Ultimately, Shawn was directed to go to the Washington Physicians Health Program. She wasn’t exactly sure why, but she was directed to go there and based on that directive she had no choice but to go. She met with two individuals in a conference room and those individuals discussed or asked or interrogated her, I don’t know, I wasn’t there, for about 45 or 50 minutes. At the end of that time period, the medical director of WPHP came into the room and within five minutes indicated that she was to go to an inpatient facility within a few days [Note: she was to pack her bags, leave her family, and travel to Georgia to enter their “preferred” inpatient facility at her own expense for four days. She was not given a diagnosis or a clear reason for their decision].
She walked out of there. She called me. I remember it as clear today as it was then. She was incredibly upset, as anybody would have been I would think.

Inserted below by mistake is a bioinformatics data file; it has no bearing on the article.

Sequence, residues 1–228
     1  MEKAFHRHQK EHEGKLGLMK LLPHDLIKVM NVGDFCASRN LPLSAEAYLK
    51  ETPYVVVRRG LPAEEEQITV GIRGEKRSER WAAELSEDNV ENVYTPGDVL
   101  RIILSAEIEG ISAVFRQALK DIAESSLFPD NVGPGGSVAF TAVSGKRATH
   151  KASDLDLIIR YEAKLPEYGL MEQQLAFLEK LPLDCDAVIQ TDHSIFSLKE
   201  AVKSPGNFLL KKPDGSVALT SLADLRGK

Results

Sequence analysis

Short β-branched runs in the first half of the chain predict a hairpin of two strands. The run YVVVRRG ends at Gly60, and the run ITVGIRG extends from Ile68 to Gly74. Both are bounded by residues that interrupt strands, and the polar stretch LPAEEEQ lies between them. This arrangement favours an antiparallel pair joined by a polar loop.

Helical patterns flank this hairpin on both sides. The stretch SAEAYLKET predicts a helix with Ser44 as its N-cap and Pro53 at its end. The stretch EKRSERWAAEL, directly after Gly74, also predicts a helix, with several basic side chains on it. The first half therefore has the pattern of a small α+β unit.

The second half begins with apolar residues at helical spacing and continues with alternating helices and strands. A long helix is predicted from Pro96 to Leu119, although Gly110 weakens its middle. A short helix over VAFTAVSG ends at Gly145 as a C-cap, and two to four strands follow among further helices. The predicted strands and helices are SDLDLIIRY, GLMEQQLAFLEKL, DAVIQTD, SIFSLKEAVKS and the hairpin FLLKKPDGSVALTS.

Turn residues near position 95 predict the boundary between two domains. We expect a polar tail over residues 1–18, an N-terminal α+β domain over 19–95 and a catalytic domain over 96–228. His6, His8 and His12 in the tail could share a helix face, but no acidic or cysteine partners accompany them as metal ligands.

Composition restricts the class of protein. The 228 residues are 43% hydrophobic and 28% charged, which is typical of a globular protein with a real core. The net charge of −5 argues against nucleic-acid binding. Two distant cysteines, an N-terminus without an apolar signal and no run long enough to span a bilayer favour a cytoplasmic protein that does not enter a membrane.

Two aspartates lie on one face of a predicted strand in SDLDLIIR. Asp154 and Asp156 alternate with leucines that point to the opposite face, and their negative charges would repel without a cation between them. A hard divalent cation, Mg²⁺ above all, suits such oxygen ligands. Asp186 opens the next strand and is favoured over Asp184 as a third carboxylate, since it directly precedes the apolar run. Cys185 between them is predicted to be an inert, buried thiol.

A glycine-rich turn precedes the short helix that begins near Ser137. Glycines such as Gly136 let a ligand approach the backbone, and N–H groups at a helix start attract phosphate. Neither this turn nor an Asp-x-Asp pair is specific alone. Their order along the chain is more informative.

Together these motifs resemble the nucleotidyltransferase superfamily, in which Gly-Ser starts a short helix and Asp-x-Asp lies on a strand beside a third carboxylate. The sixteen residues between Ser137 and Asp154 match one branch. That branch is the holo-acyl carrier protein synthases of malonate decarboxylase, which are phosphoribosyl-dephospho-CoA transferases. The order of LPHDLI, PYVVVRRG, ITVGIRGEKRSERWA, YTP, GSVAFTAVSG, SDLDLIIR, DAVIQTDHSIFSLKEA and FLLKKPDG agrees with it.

We communicated about how it went and I asked her what was the basis for the directive that came from the psychiatrist at WPHP. She indicated that he was in the room for maybe five or 10 minutes and when he made the directive to her that she needed to go, she asked why, and he indicated to her that her speech was pressured or pursed and that was the basis for his evaluation. I wasn’t exactly sure what that meant so I asked Shawn and she indicated that, “Well, that’s usually a sign of stress, that you have pursed or pressured speech, and it’s a sign of stress.” And she said, “Well, how do you think I would be? I just spent 50 minutes in this meeting having these fairly one-sided conversations with two individuals and I was stressed out. It would be unusual for somebody not to be stressed.”